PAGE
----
To read part 1 of my exclusive interview with Craig Colby, please click here.
FC: What factors do you consider when selecting a suitable location for your franchise units?
CC: When selecting a suitable location for my franchise units, I have learned a lot from one of my good friends and a mentor at Red Robin, Todd Brighton. He is extremely knowledgeable when it comes to location and has taught me that being off by one block, or being on the wrong side of a shopping center, can kill a restaurant.
That being said, it all starts with the numbers game again — demographics. I look for about 150,000 people living in a 5-mile radius. My minimum is about 100,000.
The location also needs to have a good daytime population; otherwise lunch will be a dismal failure. For this, I look at the daytime retail draw as well as the local office population. A good combination of the two is the secret to lunch success.
I like the space to have great visibility from a major road that has a traffic count of at least 35,000 cars a day. Additionally, the access in and out of the site needs to be easy. Overall, I need to get a good feeling when I am at the site.
It gets easier once you have a successful restaurant. Then you can compare the demographics against something that does well and hopefully repeat the experience.
FC: Do you have any advice for prospective franchisees on how to build a winning team?
CC: Surround yourself with people you like and are of like mind. This is very important because hopefully you’ll be working with them for a long time. Make sure they share the same passion for the business as you do and don’t be afraid to share your success with them.
I also like to look for people with strong ethics who are raising a family. I have found that these people are not as likely to jump ship when one thing goes wrong and are very focused on establishing a strong working environment.
The restaurant business can be hard on family life, but I don’t like to push the hours with my managers. Anything more than a 5-day, 50-hour work week will burn them out and build resentment.
FC: What are your thoughts on the current lending environment for small businesses and franchises?
CC: That remains to be seen by me. I haven’t tried to get any lending in the last couple of years. I can tell you that there is a lot of interest out there on the lenders part. But from what I can gather, they want to limit their exposure and are requiring more in owner’s equity than they have in past years.
FC: How important is it for you to have a solid working relationship with your franchisor? And what steps do you take to solidify this relationship?
CC: Having a solid working relationship with my franchisor is extremely important to me. Since I will be working with my franchisors for many years, I think it’s important to have a good working relationship as well as a friendship. I have found that relationship with Red Robin and have met some of my best friends there.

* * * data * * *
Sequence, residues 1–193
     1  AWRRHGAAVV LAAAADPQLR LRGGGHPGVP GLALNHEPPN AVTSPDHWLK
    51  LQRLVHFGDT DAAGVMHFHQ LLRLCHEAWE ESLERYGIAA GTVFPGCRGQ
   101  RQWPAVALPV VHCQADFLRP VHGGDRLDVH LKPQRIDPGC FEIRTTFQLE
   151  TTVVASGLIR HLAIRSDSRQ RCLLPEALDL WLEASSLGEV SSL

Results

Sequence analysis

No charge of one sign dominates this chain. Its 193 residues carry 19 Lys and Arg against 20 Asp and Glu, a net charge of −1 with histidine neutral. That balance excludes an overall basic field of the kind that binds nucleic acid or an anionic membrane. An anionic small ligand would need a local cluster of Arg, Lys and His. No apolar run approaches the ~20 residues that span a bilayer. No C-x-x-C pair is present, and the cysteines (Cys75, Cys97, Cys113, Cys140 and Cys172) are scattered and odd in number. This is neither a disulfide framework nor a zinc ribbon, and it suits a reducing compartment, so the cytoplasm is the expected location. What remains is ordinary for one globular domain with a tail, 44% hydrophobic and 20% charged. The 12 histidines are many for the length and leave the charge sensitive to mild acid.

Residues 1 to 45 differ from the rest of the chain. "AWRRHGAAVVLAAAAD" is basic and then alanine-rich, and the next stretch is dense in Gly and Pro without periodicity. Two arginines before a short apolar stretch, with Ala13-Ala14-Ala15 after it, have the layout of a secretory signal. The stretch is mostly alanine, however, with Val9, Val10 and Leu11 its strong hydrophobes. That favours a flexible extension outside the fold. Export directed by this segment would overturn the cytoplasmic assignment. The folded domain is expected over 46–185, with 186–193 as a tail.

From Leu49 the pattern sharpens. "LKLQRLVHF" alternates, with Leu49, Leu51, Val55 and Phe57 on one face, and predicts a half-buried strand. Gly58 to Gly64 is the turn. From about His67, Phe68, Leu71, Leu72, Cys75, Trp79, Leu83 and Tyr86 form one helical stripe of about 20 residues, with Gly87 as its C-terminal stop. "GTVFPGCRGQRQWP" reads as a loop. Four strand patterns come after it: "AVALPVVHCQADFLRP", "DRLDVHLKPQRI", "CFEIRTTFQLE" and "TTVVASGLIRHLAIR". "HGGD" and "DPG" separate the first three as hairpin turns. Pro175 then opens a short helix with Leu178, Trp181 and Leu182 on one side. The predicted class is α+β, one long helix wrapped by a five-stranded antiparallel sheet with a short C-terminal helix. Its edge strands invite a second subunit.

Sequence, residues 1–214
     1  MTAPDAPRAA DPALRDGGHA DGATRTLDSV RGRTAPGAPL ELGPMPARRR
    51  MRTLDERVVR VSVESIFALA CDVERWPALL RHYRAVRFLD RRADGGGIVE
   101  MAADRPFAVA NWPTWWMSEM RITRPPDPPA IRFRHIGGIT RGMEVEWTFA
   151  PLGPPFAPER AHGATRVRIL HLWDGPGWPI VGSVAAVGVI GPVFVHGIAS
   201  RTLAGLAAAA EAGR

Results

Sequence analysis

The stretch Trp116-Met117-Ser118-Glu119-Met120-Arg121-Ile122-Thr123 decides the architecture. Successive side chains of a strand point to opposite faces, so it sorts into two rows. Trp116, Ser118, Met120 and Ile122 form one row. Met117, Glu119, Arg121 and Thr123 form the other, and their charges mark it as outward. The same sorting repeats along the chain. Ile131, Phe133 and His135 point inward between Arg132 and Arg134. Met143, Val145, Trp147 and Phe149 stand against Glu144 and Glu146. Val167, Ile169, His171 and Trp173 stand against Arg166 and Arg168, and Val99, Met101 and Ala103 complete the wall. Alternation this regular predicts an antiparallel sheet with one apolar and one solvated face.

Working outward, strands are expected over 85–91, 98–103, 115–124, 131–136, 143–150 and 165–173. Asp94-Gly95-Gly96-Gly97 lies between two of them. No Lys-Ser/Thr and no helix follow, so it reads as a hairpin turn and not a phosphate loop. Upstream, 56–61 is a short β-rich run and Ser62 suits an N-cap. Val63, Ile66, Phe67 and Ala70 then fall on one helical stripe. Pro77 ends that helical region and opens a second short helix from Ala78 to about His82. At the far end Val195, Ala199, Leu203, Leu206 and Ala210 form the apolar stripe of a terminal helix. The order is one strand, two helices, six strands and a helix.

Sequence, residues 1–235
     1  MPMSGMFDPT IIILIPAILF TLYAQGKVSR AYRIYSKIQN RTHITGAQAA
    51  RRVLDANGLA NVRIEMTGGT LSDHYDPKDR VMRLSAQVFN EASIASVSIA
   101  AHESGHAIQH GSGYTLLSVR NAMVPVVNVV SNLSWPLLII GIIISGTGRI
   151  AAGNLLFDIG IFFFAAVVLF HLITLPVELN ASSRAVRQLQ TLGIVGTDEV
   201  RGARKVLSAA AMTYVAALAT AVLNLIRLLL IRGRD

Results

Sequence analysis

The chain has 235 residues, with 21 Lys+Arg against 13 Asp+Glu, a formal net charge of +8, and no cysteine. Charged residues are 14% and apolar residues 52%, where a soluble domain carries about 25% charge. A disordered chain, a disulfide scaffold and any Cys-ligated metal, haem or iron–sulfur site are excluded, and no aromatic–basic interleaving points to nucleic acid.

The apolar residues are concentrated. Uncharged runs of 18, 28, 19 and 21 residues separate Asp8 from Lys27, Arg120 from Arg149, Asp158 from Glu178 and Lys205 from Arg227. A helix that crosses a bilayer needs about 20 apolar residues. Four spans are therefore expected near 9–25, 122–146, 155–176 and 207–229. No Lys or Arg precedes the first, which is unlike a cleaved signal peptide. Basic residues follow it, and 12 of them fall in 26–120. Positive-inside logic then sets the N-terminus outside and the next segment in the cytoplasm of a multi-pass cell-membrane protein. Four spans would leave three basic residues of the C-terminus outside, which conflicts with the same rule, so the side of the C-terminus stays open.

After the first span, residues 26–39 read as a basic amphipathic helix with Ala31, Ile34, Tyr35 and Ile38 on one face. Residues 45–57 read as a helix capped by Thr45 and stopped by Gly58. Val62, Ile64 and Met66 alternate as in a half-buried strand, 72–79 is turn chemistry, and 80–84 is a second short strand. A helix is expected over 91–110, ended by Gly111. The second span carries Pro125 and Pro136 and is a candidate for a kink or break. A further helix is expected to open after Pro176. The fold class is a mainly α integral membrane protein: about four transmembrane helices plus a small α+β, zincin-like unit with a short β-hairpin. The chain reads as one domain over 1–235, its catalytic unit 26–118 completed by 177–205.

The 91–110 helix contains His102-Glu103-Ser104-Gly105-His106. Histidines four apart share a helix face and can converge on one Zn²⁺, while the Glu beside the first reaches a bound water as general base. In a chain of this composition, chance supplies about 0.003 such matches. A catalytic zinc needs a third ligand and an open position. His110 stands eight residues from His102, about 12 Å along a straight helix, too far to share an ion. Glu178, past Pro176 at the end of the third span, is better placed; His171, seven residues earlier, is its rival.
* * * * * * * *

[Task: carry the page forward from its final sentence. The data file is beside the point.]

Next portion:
Before signing on with Margaritas, I had quite a few visits with them (and more than a few tequila shots), and we meshed very well together. The owners John and Dave Pelletier are fantastic guys, as well as the entire company. I remember thinking, even if I don’t do business with these guys, I would love to maintain the friendship.
FC: What advice can you give someone who dreams of becoming a successful multi-unit franchisee?
CC: The best advice I can give is to find something you love to do, and make it your business. In my case, I love restaurants, so it is a pleasure to work in the industry everyday.
Work with people you love to be around and make it a fun place to be.
Also, don’t try to grow too fast. Make sure that what you have works well before you try to duplicate it. Once you have something that works, stick to the formula and go for it.
Lastly, think about the time you’re going to invest into this. Since it is probably going to be more than a 50-hour work week, is it something your family can help out with? That gives you some extra time to spend with them (and also provides some cheap labor).
FC: What are your long term plans for your business and what are your goals for the future?
CC: One can never tell. Twenty years ago the idea of owning restaurants would have been very foreign to me. But I love it, so this is probably what I will do for the rest of my life. I don’t see myself as ever retiring, and if all goes well I think there may be another franchise under my belt somewhere in the future.
Quite possibly, I may end up developing my own concept now that I have surrounded myself with great people who have the capability of helping me. My eldest son, Tyler, has found his passion in the business and works with me. My wife Krista also works with me, which works well for us because we enjoy the extra time together. I have three other children, Shane, Dylan, and Emma. They might want to be involved as well someday, so I almost have to keep growing.
The best part about the future is it is constantly unveiling itself to me, and always surprising me.